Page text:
The Commodores – Brick House (1977)

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The Commodores – Brick House (1977)

This is just one of the many great songs you’d hear on The Beat Chicago including our Great Golden Grooves programming where we feature classic R&B, soul and the funk from 10PM – 2AM. 

There’s enough stations playing rock n’ roll classics and the same 80’s songs from Bon Jovi, Journey, John Cougar, Elton John all day long and that’s all cool but, when you want something completely different?  When you want everything from Marvin Gaye, Earth, Wind & Fire, The Spinners to Stevie B, C+C Music Factory and more of the music that keeps you movin?  We’re it.

See, we’re all about the classics too…. Classic R&B and dance of the 60’s, 70’s, 80’s, 90’s, freestyle and more.  For us, it’s not about how old a song is, it’s about how good it is and this is as good as it gets.

We’re gonna go back here, back to 1977.

Every time we hear this song, memories of Soul Train come pouring in our heads. The Commodores 70’s party anthem that can still funk up the dancefloor!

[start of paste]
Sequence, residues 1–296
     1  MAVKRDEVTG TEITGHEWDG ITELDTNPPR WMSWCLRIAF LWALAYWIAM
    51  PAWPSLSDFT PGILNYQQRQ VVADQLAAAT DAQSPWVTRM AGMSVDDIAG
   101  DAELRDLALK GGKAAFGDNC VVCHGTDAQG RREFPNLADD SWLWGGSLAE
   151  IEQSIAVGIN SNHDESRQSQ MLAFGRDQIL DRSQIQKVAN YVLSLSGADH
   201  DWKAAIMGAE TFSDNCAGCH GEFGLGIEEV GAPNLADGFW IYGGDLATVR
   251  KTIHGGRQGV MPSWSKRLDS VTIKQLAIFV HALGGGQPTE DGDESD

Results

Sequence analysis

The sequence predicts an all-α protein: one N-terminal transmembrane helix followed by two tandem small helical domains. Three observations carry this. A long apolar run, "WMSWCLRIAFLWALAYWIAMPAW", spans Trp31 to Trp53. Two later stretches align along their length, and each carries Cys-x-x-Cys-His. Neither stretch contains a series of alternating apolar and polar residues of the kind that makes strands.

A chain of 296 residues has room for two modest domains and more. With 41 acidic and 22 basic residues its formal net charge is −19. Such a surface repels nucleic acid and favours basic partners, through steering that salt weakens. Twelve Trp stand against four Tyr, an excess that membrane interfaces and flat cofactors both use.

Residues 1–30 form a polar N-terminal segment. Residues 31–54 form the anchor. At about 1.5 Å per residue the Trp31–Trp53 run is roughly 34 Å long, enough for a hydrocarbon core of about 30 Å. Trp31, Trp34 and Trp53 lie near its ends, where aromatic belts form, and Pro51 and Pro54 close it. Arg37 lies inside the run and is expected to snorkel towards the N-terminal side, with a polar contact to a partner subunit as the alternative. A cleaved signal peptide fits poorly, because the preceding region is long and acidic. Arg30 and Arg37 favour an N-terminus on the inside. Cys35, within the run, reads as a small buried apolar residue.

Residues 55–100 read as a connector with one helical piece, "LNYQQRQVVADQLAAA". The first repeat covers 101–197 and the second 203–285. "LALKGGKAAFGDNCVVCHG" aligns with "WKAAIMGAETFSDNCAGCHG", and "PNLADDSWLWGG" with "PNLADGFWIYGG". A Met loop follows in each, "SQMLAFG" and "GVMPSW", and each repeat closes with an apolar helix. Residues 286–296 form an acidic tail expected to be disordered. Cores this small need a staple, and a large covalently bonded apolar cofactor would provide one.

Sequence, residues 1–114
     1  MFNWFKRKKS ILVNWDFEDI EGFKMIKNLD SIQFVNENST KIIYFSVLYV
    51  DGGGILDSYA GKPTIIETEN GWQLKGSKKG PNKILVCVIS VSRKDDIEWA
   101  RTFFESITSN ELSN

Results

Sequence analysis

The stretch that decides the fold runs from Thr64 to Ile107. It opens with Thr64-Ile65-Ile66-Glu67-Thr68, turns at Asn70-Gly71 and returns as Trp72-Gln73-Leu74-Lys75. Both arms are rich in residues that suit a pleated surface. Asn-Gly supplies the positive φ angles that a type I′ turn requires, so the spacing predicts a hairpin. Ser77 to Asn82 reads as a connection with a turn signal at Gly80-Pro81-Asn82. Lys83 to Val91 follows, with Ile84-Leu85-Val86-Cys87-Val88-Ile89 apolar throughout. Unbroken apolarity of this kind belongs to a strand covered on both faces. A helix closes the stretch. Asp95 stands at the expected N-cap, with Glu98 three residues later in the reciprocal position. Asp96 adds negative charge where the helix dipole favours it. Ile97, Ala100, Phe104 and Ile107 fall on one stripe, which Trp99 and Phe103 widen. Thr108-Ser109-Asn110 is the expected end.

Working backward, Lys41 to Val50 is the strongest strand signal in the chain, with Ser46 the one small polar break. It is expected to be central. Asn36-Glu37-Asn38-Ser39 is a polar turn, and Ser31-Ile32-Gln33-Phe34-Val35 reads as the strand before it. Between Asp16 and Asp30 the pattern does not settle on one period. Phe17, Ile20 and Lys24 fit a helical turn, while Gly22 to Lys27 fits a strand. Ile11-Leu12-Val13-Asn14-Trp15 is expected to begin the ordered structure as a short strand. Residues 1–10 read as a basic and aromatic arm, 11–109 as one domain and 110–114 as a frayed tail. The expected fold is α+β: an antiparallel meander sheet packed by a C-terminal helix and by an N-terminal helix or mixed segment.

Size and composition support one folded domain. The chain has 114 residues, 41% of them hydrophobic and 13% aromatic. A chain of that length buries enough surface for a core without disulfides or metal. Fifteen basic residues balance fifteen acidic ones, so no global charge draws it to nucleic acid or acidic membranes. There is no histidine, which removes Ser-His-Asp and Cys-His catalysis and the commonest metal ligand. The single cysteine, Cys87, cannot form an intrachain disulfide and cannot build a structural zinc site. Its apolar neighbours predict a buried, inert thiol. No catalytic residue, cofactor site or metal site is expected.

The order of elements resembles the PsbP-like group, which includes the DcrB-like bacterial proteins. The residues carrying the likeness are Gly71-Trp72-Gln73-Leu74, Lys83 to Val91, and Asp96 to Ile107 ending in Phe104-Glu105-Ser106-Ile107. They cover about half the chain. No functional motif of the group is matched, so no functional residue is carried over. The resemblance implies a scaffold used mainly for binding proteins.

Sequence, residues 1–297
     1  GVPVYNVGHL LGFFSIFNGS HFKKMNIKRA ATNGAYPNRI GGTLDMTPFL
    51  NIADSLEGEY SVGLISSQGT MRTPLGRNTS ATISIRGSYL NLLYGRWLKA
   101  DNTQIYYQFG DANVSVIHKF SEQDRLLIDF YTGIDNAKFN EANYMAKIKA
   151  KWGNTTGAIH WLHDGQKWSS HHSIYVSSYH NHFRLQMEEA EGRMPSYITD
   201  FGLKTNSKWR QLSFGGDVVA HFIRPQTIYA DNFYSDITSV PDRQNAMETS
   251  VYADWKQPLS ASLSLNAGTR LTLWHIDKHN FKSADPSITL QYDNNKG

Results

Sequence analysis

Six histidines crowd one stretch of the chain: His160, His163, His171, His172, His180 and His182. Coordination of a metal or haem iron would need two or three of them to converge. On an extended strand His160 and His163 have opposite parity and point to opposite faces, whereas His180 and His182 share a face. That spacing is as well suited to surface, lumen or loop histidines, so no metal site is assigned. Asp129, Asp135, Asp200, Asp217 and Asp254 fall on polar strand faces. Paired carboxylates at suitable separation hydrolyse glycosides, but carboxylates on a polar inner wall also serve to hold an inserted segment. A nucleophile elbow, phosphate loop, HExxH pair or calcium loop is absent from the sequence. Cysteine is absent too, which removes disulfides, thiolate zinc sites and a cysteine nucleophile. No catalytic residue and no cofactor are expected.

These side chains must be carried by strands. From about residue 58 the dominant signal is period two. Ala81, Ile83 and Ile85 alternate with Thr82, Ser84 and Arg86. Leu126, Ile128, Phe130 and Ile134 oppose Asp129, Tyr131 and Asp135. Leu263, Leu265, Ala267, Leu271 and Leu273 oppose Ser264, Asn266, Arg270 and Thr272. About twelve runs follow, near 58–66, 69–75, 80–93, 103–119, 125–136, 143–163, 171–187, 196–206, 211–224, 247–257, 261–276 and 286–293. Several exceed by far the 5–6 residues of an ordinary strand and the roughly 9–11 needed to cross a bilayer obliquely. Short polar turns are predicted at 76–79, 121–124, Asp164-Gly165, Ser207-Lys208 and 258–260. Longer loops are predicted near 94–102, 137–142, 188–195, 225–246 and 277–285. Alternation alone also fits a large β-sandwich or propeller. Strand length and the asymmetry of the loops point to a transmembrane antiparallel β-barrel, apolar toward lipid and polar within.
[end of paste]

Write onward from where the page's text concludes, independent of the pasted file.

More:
Interesting story as to how the song came about: In 1977, the Commodores were in the studio recording when there was a problem with the equipment. While the equipment was being repaired and replaced, the group took a break. Ronald LaPread, the group’s bass player, began jamming. Bit by bit the rest of the band joined in until they came up with a track and bass line.

Upon returning, James Carmichael, the Commodores’ producer, heard and recognized that this could be a song worth recording. He asked everyone to see if they could use the riff to come up with a song. Taking the tapes home, William King played them for his wife, Shirley Hanna-King. While he slept, she was inspired to write lyrics for the riff, modifying the expression “built like a brick shithouse” for the song.

The following day King sang the lyrics to “Brick House” to the band, allowing them to think he had written it. They loved it and decided that drummer Walter “Clyde” Orange had the funky voice to sing lead vocals, (as opposed to Lionel Richie, who usually sang lead), and the song went on the new album.

It took several years before the other members of the group discovered that it was actually Shirley Hanna-King who had written the lyrics, and although she was not originally credited, the band has publicly acknowledged her as the song’s writer.

Taken from their 1977 self-titled album, the song hit #5 in the U.S. and #32 in the UK Singles Chart.

As part of our Hump Day Classics, we did a feature on The Commodores where an entire concert from 1977 was captured live. Click here to watch it now.

Source: Sal Amato, WikiPedia


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